My adventures in the woods, streams, rivers, fields, and lakes of Michigan

Aman Park, on the shores of the trillium seas 2013 part II

I went back through my archives and found the post that I did on the trillium in Aman Park last year, the date was April 15, 2012. What a difference a year makes! Last year I just caught the tail end of the trillium bloom, this year, nearly a month later, I hit the beginning of the bloom. And, I went crazy as far as the number of photos I shot, and was rewarded with too many very good photos for one post, I’ll have to do two for flowers, and maybe a third for birds. This is the second of possibly three parts, flowers and a few other things thrown in. So, let’s get to the photos.

IMG_2355

Flowering tree

IMG_2366

More trilliums

Bug

Bug

Dutchman's breeches

Dutchman’s breeches

Dutchman's breeches

Dutchman’s breeches

Spring Beauties

Spring Beauties

Spring Beauties

Spring Beauties

Trillium

Trillium

Violet

Violet

Flowering tree

Flowering tree

Wild phlox

Wild phlox

Fungi

Fungi

Fungi

Fungi

Marsh marigold and spring beauty

Marsh marigold and spring beauty

More tilliums

More tilliums

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Mixed wildflowers

Mixed wildflowers

Green double trillium

Green double trillium

Green double trillium

Green double trillium

Green double trillium

Green double trillium

Green double trillium

Green double trillium

Green double trillium

Green double trillium

Green double trillium

Green double trillium

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Redbud

Redbud

Dogwood

Dogwood

Flowering bush

Flowering bush

Virginia bluebells

Virginia bluebells

I have decided not to do a third post from today on the birds, as other than this blue-grey gnatcatcher, they’re all regulars here, mostly yellow-rumped warblers.

Blue-grey gnatcatcher

Blue-grey gnatcatcher

That’s it for this one, as I didn’t think that it required many words, thanks for stopping by!

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16 responses

  1. I’ve never seen anything like it-the trilliums seem to go on forever. It takes 6-8 years for one plant to flower from seed, so I wonder how many thousands of years we’re seeing here. If I ever spend time, effort and money going anywhere to see plants it’ll be this park.
    The plant with the yellow flowers is a large flowered bellwort (Uvularia grandiflora) which is something I’ve never seen in person.
    The shrub with the pale yellow paired flowers is fly honeysuckle (Lonicera canadensis) which isn’t often seen.
    The double (or triple) flowered trillium is quite a find. This is called a “sport” or natural mutation and plant breeders look for these to grow new plants from. Many of the flowers in our gardens came about through such natural mutations.
    This is all so rare and really amazing, Jerry. Thanks for taking us along on a wonderful journey!

    May 5, 2013 at 8:40 am

    • Thanks, for both the nice words and the info. I may not always know what I’m shooting, but I can generally tell if it is something common or not. There was a couple there with a small guide to help them ID the plants there, the ones you identified weren’t in the guide.

      May 5, 2013 at 8:12 pm

  2. What lovely photos. Strangely your close-up shots of the fungi stood out for me due to their sheer starkness.

    Shakti

    May 5, 2013 at 9:42 am

    • Thank you Shakti!

      May 5, 2013 at 8:12 pm

  3. plantsamazeme

    Wow, I was at Aman 8 days ago and there were some trillium just in bud! They have popped out quickly like everything else.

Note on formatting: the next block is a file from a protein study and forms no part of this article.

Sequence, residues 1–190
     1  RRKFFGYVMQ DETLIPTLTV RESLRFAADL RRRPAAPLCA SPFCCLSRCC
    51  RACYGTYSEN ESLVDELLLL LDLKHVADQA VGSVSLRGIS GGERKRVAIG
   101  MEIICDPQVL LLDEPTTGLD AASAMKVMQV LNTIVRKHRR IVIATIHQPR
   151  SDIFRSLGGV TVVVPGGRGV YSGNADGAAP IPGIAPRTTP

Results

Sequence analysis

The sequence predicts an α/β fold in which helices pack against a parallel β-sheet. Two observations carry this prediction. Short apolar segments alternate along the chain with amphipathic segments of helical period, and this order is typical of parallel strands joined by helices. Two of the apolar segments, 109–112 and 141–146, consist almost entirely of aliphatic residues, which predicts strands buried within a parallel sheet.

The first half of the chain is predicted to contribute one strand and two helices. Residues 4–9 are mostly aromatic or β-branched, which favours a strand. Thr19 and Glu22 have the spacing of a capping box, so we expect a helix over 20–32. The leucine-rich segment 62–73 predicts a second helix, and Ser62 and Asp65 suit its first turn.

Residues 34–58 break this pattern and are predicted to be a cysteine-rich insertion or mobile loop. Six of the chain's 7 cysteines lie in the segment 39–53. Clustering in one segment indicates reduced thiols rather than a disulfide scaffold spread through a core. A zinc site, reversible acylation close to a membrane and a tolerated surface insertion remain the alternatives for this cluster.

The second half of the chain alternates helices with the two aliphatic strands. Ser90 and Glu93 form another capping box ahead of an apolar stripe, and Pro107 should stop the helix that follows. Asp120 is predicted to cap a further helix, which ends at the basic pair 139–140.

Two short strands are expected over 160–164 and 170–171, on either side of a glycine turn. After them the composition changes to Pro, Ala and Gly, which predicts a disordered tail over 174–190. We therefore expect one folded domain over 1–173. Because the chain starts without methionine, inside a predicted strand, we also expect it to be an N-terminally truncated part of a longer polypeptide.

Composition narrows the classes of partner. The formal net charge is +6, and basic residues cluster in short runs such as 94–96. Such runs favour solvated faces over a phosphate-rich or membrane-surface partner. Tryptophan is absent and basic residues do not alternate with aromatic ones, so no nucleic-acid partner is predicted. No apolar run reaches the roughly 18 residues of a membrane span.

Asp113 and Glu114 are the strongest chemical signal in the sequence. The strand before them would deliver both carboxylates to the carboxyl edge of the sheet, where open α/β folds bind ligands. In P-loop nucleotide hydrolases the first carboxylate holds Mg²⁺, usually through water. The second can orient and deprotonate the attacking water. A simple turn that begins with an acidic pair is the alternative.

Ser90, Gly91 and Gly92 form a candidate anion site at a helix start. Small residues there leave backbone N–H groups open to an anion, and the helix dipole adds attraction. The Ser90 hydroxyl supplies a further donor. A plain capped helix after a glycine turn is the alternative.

Your Blue-grey gnatcatcher looks frozen in place, or like he held still for the shot? Do they usually hang out higher in the trees? It is a great time to see the birds right now with the leaves still small. Soon we should see the Scarlet Tanager and the Rose-breasted Grosbeck!

    May 5, 2013 at 11:22 am

    • This warmer weather has kicked things into gear. I was there last weekend, no open trillium, but lots of trout lilies, the trout lilies are done already.

      The blue-grey gnatcatcher never sat still, it was running up and down branches most of the time. I threw out half a dozen photos of it because they were blurred. I’ve seen the grosbeaks, oriels, but no tanagers yet this year.

      May 5, 2013 at 8:16 pm

  4. Your photos are wonderful, a great way to start the day…something beautiful, a little something perfect.

    May 5, 2013 at 11:59 am

    • Thank you Charlie, glad I could start your day off right.

      May 5, 2013 at 8:16 pm

  5. What a treat for you and us.

    May 5, 2013 at 6:00 pm

    • Thanks Tom!

      May 5, 2013 at 8:17 pm

  6. So sorry if you’ve explained this already in the blog but what macro lens are you using (it is a macro, right? The violet seems too small to capture otherwise but maybe I’m wrong?) I just got a macro attachment for my Lumix and really enjoying it. Thx in advance for sharing the info.

    May 5, 2013 at 6:42 pm

    • Well, actually I don’t have a true macro lens yet. I used my 15-85mm lens as that focuses down to one foot to get me close, then cropped the photos a little to get even closer. Have fun with your macro attachment!

      May 5, 2013 at 8:18 pm

  7. I am absolutely in awe at the thick masses of trilliums you have there. In our neck of the woods, spotting the first trillium to bloom is considered enough of an event that it’s featured in the local newspaper! Seems ours are loners and far more shy than yours. How lucky for you!

    May 5, 2013 at 9:05 pm

    • Thanks, it a one of a kind magical place!

      May 5, 2013 at 9:07 pm

  8. What great wildflowers you’ve found Jerry. I had never heard of the double trillium. Love the fungi, what a fun one.

    May 7, 2013 at 8:33 pm

    • Thanks, we have many variations of trillium, but I was a day or two early to catch some of the others, like green and white striped ones.

      May 8, 2013 at 2:50 am